Celebrated Memorial Day with my favorite US Coast Guard veteran, went up to the Lake Erie Islands for a last minute visit that included going to a party on the famous “Ship House”-The Benson Ford , cheered on the Cleveland Cavaliers for their last game ( I have deep seeded issues with being let down by Cleveland Sports–this is a topic for another blog post!) and joined in the 1.3 million people celebration parade-Wow, what a season for the Cavs!  Was thankful for the abundance in my life, enjoyed the emerging summer warmer and generally rested up for upcoming back to back trips.

Memorial Day 2016

Memorial Day 2016

Watching "Balanced" daughter

“Well-Balanced” daughter

 

Go Cavs!

Go Cavs!

Enjoying Island Life

Enjoying Island Life on South Bass Put in Bay

Impromptu Deck Yoga Session

Impromptu Deck Yoga Session

South Bass Ship House

South Bass Ship House

1 in over a million Celebrating

1 in over a million Celebrating

Who knew she was good at softball?!

First Year on Softball-Who knew she’d be good at this sport too!

27 June-July 7 Singapore 

Concluded my daughters weekend birthday celebration and was off on an evening flight through San Fransisco and on to a 16 hour flight to Singapore (one of the longest flights in the world!)  for certifications and  related programing.

Although I like to think of myself as a person who has a balanced life, apparently  the  universe is telling me otherwise  because 4 hours into my flight to Singapore (my 15th trip there since 2000!) I came down with conjunctivitis-not only in one, but in both eyes!  Landed at 6:00am,  in line at a doctors office by 8:00am and by 9:00am and only with $67 USD spent (Can the uS learn from Singapore’s medical pricing structure??) I was off with multiple meds to tackle the eye goop and the day!

Professional development workshops, Sled Dogs Snowskates Ambassador program as well as two certifications and a fitness workshop, not to mention my birthday and man, many late nights with a great international group of friends rounded out my 9 days in Singapore.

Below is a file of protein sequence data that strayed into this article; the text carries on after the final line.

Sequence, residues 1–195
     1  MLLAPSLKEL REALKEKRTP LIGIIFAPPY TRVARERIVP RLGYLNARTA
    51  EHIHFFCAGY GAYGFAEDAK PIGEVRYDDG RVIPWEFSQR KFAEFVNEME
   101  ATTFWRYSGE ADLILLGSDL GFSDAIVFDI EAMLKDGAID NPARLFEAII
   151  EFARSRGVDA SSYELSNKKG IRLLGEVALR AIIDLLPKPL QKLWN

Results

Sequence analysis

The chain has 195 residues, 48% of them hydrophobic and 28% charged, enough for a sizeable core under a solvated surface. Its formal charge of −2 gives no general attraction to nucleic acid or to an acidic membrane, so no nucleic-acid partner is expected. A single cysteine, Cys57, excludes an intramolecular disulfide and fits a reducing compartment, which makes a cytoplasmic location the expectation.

2016-06-29 09.17.19

Masked the minute I walked into the clinic!

SG friends daughter helping with Candles

SG friends daughter helping blow out birthday candles

International Birthday!

International Birthday Party!  Australia, China, Hong Kong, India, Indonesia, Singapore, Spain  and the USA in the house!

Happy B-day to Kris

Happy B-day to Kris

 

With a Few Level 2 Candidates!

With a Few Level 2 Candidates!

 

SG July 2016 Group

SG July 2016 Group

 

July 7-July 11 Ohio, USA

Home in just enough time for a swim meet, to re-pack, get the house in order and to get my daughter ready  and off for a one week sleep away camp!  Not one photo taken to capture these days!  Other than the aforementioned, I was pretty much dead to the world and breaking all “rules of travel” as I slept mostly all day thus wide awake by 2am on most. Which as ridiculous as that was it was really perfect because 2am in Cleveland is 8am in Spain! Spain here I come!

July 12-July 21 Spain

Off and skating in Burgos!  From a ICP Level 2 program, “Working with Children” workshop,  a visit to Madrid’s SnowZone to promote Sled Dogs Snowskates and a local Burgos night skate, Spain was all about skating.

This is the first certification related trip EVER where I was joined by my husband Greg. He was a great sport throughout all the skating programming and became an expert navigating the streets and highlights of the city of Burgos when he was on his own.  He even joined in and skated a 1.5 hour night skate! For someone, who in 14 years of marriage has been out on inline skates for about 15 minutes, to skate unscatheed through the streets of Burgos, Spain with Backfliphouse skate club for over 1.5 hours, was truly impressive!

A huge thanks to ICP Examiner and ICP Country director for Spain, Natalia Santamaria, for making the long weekend of programming such a great success and for the wonderful hospitality. Muchos gracias also to her husband ICP Instructor Antonio Rico for shuttling us to skating venues and for keeping us well fed with wonderful homemade Spanish meals!

At the end of the skating programming we made two short trips to Natalia’s family’s village where we attended a village celebration in honor of the Virgin Mary and had dinner at the family’s “bodega”.  There we were treated to authentic Spanish fare and drank homemade red wine. Experiencing local life like this was very unique and not something that an average visitor to Spain experiences. Very fortunate to have this opportunity.

The trip was bookended by two lovely days in Madrid that included lots of sun, many kms of walking and great local food.

Another amazing trip in the books. Can’t believe this is my life!

Beautiful Burgos

Beautiful Burgos, Spain

Great Level 2 Groupo!

Great Level 2 Groupo!

Children's Workshop

Children’s Workshop